• Sorry, but you're wrong. The "does it violate your genetic…" button thing sounds like a sophomoric fratboy thing, not an Atheist thing. As for Kari Byron, she is plain sexy; but the fact that she is also smart makes her triply sexy. She would never have had so much attention were it not for her smarts and her attitude.

      Look at how many straight guys (including myself) find Rachel Maddow attractive. She is certainly not what one would consider classic model material, but the combination of good looks, adorable geekiness and utter brainiacness is REALLY hot.

      There is sexism within the Atheist community; there's sexism is EVERY community. But the examples you gave are off the mark, and show that you are arguing from animus rather than facts.

  36. Thank you so much, Jen! The original article was pathetic in it's attempt to obscure the truth. I mean, PZ has been posting so many feminist pieces, I don't know how they could have been missed. Oh, wait, I know- ZERO RESEARCH and an automatic bias against atheism.

  37. Just wanted to stop in and add my voice as yet another female atheist out in the world 🙂 Thanks for correcting the previous article that said otherwise! ~R.A. at randomatheist.blogspot.com

  38. Great reply Jen! I appreciate all that you have been doing, for myself and my daughters.

  39. I'm a newer atheist and run a Secular Student Alliance affiliate club at my school. I was raised Southern Baptist and was a born-again xtian at 13. I'm happy to say that the veil has been lifted from my eyes and I see an entirely other vision. And I like it much better.

  40. Let's not forget that Eleanor Smeal, the president of the Feminist Majority Foundation, which publishes and owns Ms. Magazine, is an atheist herself! Ellie Smeal accepted the 2008 Humanist Heroine award from the American Humanist Association at their national conference in Washington DC.

    Monica Shores (the author of the first post) simply didn't do her research. Great to see Jennifer McCreight's wonderful response!

  41. Aslo, along with Annie Laurie Gaylor, her mother, Anne Gaylor, who she founded FFRF with and who also runs a charity providing funds for abortion. Add also please, Butterfly McQueen and Vashti McCollum. How can someone who took church-state issues to the supreme court and changed public edcuation in America for the better be overlooked?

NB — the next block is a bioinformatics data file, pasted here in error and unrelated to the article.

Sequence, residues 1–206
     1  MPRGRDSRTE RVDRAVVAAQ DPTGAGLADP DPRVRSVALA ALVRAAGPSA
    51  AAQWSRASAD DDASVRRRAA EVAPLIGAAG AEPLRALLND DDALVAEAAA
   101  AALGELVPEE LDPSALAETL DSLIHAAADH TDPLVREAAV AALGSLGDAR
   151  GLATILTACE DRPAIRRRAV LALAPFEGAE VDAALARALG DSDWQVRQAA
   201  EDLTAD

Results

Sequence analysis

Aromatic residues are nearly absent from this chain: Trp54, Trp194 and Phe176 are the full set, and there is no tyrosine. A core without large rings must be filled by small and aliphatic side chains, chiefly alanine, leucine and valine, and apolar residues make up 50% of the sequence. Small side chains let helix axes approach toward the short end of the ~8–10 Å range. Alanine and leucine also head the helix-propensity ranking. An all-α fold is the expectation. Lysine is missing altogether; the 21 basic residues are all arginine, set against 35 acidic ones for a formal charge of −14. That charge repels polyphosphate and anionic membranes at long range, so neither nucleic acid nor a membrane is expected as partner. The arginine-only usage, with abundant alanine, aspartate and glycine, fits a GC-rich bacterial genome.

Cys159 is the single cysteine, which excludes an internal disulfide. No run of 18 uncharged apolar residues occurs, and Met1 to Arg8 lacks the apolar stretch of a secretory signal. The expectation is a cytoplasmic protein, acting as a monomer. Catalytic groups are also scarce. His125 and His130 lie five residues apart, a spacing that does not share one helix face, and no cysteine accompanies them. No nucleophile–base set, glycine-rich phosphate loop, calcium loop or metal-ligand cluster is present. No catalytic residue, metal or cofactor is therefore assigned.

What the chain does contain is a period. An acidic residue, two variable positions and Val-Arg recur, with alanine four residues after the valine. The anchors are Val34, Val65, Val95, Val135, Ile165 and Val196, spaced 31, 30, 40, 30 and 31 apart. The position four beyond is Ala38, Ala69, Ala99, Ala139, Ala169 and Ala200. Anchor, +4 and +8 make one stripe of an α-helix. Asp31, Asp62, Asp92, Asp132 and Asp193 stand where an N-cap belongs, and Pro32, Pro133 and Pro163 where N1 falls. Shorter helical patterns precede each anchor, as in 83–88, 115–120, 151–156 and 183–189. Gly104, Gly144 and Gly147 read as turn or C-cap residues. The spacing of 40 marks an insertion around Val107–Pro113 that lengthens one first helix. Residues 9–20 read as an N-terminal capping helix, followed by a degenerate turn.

In history, Elizabeth Cady Stanton and Margaret Sanger, just for beginners. Check Annie Laurie's Gaylor's "Women Without Superstition" out of your local library for a slew of others.

  42. Let's not forget Valerie Tarico, Ph.D., psychologist, author of Trusting Doubt.

  43. I wish we could move beyond the name-calling and nasty label assignations like "racist" and "sexist". I am one of those older, white, male atheists. I am also a sexist. And a racist. And an ageist. And a classist. We ALL are, to some degree, because that how we're socialized. We are heavily scripted by our media, our families, our local communities, and the larger context of society. That being said, I can safely assert that among the atheists I know, we're far more open to challenging and re-writing our own scripting than our god-believing counterparts. I am constantly challenging my own assumptions, and I hope one day to reduce all of my "-isms" to the point where I can honestly and openly say that I see everyone in the same light.

  44. I'm glad Ms. is presenting both sides of the issue, because both sides have their valid points. There are indeed a lot of atheist women in the grassroots movement. There is a serious lack in the media. Atheists have a greater respect for women (and a far greater respect for LGBTQ people) than religious people do. Atheists are also full of sexist people who think being atheist makes them magically not sexist. Because of the great range of diversity in atheism, we're going to find that often both sides of any issue will have validity to them.

  45. Hypatia: first documented free thinker!!!

  46. antiintellect says:

    I'm a secular humanist but I support atheists. I'm just a little more upfront with the fact that I don't believe in supernatural beliefs. That being said, I know way too many women who have leadership positions in the atheist movement, so this notion that women aren't atheists strikes me as odd. Melody Hensly is just one of the women doing great work in the atheist community that I am aware of.

    Great post!

  47. Let's not forget Ann Gaylor, who founded FFRF.

  48. I notice Ms. McCreight doesn't put herself on that list. Which is quite modest of her given that anyone else's list of high-profile atheist women certainly would include her.

  49. kwinters1972 says:

    I'm not entirely sure how one becomes a 'prominent atheist thinker'. It seems that the key criteria is to publish a book critical of theism. I should get writing. As an academic, an atheist and a feminist perhaps the media would take me seriously. Or would I have to make ridiculous comments instead of well-reasoned ones in order to get any attention? ~ Dr. Kristi Winters

  50. A must addition to the "women authors" list has to be Barbara G. Walker who wrote, among other books relating to A-theism, "Man Made God" as well as articles for the pages of FFRF (see Ann and Annie Laurie Gaylor above) that are too numerouos to mention.
    Judith Hayes wrote "The Happy Heretic" and has a great web site.
    Betty Brogaard is the author of "The Homemade Atheist."
    Just to name a couple more.